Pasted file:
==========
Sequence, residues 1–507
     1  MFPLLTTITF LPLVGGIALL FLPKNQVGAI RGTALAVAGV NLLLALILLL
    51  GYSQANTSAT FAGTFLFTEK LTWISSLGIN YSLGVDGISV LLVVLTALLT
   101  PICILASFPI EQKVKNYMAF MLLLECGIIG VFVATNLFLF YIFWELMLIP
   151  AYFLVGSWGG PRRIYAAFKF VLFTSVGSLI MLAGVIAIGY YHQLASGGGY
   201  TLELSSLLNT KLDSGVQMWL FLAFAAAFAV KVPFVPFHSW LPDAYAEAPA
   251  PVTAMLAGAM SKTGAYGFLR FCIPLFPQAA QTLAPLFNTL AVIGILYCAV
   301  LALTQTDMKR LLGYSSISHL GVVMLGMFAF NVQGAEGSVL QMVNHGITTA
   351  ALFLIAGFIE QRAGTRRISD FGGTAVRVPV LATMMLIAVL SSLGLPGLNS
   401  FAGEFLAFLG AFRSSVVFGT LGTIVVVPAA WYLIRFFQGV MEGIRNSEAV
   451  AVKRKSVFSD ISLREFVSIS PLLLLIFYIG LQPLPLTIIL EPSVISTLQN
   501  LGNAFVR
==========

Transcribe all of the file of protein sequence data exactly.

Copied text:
Sequence, residues 1–507
     1  MFPLLTTITF LPLVGGIALL FLPKNQVGAI RGTALAVAGV NLLLALILLL
    51  GYSQANTSAT FAGTFLFTEK LTWISSLGIN YSLGVDGISV LLVVLTALLT
   101  PICILASFPI EQKVKNYMAF MLLLECGIIG VFVATNLFLF YIFWELMLIP
   151  AYFLVGSWGG PRRIYAAFKF VLFTSVGSLI MLAGVIAIGY YHQLASGGGY
   201  TLELSSLLNT KLDSGVQMWL FLAFAAAFAV KVPFVPFHSW LPDAYAEAPA
   251  PVTAMLAGAM SKTGAYGFLR FCIPLFPQAA QTLAPLFNTL AVIGILYCAV
   301  LALTQTDMKR LLGYSSISHL GVVMLGMFAF NVQGAEGSVL QMVNHGITTA
   351  ALFLIAGFIE QRAGTRRISD FGGTAVRVPV LATMMLIAVL SSLGLPGLNS
   401  FAGEFLAFLG AFRSSVVFGT LGTIVVVPAA WYLIRFFQGV MEGIRNSEAV
   451  AVKRKSVFSD ISLREFVSIS PLLLLIFYIG LQPLPLTIIL EPSVISTLQN
   501  LGNAFVR